EGU Blogs


The Cambridge Science Festival

Last night, I was honoured to have spoken at the final evening lecture at the Cambridge Science Festival, along with Nick Crumpton, Anjali Goswami, Rob Asher, and Stephanie Pierce, about why palaeontology is important. Below is a rough transcript of some of what my talk was about. Unlike the others, I didn’t discuss my own research. Instead, by general gist was that although palaeontology is useful in addressing some of the greatest scientific questions of our time, like the evolution and history of life on Earth, the current narrow framing of science in terms of impact is being quite detrimental to creativity and exploratory science. As such, should palaeontology be more focused on its emotive qualities, and be used as a ‘hook’, or ‘gateway’ into the other fields of science?

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Diving too deep?

A new initiative has just been announced that could help to revolutionise palaeontology. PaleoDeepDive is essentially an automated version of the Paleobiology Database, which is an online, professionally crowd-sourced and curated database of fossil occurrences pulled from the literature.

They have a launch video here:

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I have a couple of reservations about this. Firstly, how do they expect to mine data from articles that are mostly still locked behind paywalls, at least legally.

I’m also a little concerned about the precision of their algorithms. Towards the end, they mention that in a sample of 500 articles, they get 15000 species names, whereas the PaleobioDB only picks up 1100. Well, in the latter, these names are occurrences – explicit records of fossils in time and space. What these 15000 represent is not clear – are they just those that are mentioned in the text, and therefore don’t really have any use, or are all the palaeontologists really just missing out on 90% of the data when extracting manually?

Additionally, I am concerned about the linking of metadata, such as the location and age of fossils, as well as data about the geology, environment of deposition, taphonomy etc. All of this information has to be sifted out of articles from within a host of information in articles when extraction is manual. I’m not sure if a machine will be able to distinguish between, for example, geological dates from something related, but not directly the age of the fossil, in text.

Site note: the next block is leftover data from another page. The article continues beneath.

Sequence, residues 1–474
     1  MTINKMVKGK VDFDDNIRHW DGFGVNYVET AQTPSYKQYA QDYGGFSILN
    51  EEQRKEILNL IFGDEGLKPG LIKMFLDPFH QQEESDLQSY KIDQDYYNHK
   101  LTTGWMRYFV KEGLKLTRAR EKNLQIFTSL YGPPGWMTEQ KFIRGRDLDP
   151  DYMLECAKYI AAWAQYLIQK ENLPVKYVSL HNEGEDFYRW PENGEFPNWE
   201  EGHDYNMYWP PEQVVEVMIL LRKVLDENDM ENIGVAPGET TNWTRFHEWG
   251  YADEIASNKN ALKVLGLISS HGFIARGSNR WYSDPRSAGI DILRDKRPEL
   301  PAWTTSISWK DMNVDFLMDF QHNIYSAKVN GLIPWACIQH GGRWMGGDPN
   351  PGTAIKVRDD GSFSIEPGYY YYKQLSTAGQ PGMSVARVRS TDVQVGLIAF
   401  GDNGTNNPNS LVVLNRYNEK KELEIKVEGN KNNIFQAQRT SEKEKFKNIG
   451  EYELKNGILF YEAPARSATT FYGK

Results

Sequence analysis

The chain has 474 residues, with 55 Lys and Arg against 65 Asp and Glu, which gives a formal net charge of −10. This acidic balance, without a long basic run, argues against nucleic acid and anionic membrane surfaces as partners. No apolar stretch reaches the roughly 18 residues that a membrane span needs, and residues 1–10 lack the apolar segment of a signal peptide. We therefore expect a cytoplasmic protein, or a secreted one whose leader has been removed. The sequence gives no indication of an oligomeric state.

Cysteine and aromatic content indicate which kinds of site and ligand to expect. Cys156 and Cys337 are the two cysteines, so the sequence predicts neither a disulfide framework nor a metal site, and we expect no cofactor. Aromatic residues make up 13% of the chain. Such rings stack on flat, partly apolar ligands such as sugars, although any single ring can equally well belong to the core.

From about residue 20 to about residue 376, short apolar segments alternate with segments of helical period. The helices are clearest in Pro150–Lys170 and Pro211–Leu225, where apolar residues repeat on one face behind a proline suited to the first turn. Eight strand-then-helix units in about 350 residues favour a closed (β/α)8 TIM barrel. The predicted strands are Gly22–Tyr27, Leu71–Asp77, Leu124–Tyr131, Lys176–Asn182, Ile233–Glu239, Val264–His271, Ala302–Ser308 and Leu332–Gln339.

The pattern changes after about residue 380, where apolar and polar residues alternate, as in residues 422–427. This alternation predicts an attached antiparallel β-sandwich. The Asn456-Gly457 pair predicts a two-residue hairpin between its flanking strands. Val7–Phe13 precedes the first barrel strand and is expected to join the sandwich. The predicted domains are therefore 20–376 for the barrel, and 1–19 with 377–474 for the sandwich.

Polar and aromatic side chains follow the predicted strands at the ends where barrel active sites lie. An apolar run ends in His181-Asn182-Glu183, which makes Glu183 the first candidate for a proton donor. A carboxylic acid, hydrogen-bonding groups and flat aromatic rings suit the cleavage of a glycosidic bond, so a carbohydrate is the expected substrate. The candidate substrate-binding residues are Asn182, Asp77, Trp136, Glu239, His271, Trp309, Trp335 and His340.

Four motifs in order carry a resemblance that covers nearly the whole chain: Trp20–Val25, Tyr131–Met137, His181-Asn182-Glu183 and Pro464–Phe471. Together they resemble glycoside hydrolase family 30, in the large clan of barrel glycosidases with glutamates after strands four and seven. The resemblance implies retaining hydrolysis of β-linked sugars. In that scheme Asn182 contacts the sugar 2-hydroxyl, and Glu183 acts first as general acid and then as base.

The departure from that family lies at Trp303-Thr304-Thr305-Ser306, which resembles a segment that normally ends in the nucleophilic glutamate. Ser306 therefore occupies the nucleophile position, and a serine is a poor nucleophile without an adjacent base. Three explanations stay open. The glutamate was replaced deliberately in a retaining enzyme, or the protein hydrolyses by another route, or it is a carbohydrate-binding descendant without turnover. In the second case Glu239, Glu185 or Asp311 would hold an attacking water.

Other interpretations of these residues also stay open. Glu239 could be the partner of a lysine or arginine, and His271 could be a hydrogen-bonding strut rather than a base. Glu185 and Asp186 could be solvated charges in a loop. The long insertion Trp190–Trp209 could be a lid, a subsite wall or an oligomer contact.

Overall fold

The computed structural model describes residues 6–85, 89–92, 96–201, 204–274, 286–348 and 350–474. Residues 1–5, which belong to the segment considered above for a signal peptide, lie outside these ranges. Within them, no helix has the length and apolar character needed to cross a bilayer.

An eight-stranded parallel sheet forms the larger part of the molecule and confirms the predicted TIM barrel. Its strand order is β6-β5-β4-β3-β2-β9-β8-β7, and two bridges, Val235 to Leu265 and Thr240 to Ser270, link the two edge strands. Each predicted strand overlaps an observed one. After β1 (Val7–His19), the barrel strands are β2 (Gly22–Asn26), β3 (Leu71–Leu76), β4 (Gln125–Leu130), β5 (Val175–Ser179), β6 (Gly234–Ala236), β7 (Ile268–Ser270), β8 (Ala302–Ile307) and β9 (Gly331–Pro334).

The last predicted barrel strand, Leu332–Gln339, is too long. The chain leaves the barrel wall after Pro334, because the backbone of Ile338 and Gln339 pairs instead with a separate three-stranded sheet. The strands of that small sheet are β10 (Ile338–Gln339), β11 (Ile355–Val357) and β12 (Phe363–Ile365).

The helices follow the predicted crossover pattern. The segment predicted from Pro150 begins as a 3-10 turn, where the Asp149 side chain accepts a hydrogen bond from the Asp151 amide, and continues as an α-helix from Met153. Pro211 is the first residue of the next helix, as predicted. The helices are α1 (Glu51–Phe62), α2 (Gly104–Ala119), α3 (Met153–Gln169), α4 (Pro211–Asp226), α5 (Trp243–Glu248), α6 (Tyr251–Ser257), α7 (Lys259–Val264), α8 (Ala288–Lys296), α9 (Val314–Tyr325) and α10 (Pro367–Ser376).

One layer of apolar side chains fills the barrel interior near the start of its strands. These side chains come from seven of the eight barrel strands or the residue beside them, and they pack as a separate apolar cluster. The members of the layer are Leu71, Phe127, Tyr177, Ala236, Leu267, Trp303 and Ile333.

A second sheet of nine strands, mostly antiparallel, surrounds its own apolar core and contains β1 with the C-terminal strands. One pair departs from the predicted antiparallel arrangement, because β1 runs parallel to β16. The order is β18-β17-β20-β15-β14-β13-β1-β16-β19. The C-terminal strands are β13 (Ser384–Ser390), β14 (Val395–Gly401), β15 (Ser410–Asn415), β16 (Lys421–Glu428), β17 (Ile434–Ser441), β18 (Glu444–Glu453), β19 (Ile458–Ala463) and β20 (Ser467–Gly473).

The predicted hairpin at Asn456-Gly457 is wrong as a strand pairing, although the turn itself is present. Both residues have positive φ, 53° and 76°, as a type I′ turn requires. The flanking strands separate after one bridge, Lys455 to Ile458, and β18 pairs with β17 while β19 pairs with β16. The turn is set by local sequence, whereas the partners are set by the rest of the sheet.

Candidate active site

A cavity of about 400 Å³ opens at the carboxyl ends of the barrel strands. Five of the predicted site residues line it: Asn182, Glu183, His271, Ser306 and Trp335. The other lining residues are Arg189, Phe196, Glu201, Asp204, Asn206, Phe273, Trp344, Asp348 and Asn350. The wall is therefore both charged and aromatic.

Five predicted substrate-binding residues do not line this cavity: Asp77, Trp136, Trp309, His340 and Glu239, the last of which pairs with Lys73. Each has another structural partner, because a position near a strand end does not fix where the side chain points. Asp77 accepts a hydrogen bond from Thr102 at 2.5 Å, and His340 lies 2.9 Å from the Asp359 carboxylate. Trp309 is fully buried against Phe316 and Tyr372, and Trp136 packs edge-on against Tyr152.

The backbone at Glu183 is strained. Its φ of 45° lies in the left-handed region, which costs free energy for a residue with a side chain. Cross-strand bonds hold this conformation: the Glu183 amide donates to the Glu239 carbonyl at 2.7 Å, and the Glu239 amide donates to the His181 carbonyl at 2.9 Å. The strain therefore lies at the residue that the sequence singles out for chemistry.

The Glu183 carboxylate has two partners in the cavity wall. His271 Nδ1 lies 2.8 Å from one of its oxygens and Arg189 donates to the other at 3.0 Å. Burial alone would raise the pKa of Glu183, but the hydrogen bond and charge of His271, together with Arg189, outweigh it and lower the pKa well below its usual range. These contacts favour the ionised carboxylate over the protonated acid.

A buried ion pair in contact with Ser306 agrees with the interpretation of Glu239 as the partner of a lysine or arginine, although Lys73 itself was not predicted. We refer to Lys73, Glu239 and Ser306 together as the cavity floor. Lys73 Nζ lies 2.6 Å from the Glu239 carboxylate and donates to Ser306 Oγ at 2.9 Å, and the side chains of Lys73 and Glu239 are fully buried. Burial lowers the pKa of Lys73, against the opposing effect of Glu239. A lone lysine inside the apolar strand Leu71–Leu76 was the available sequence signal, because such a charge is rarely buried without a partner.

Anyway, these are just preliminary thoughts, and am sure that they have crossed the developers’ minds at some point, I look forward to seeing how this progresses, and undermines a lot of my work! 😉



Also, I’d love to hear any thoughts or comments you have about it!

In which we explain how camel ankle bones relate to the fate of global ecosystems.

This was originally posted at 4th Dimensional Biology by Brianna McHorse and Edward Davis. Reblogging because awesome (with permission).

I’m taking time away from comic book blogging to do some actual SCIENCE BLOGGING. Just last month I published a paper in Palaeontologia Electronica with my esteemed colleague Brianna McHorse (who blogs over at Fossilosophy). It’s called “A method for improved identification of postcrania from mammalian fossil assemblages: multivariate discriminant function analysis of camelid astragali.” In this paper, we work with fossilized camel ankle bones from theThousand Creek of Nevada that are about 8 million years old. Here’s the plain-language abstract for those who don’t speak paleontology. Brianna and I have coauthored this blog post to share the wonders of these ankle bones with a broader audience.

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Was the diversity of feeding styles in giant turtles a key to their suckcess?

­Sometimes, it can be difficult to figure out how ancient organisms used to eat. Part of the problem is that we can never actually see extinct animals eating (until we invent time-travel.. *taps fingers impatiently at physicists*), and often it can be hard to work out how something ate based just on its anatomy.  Sometimes though, the fossil record chucks up something truly spectacular, and gives us amazing insight into the spectacular diversity of ancient life.

Let’s roll it back a bit.

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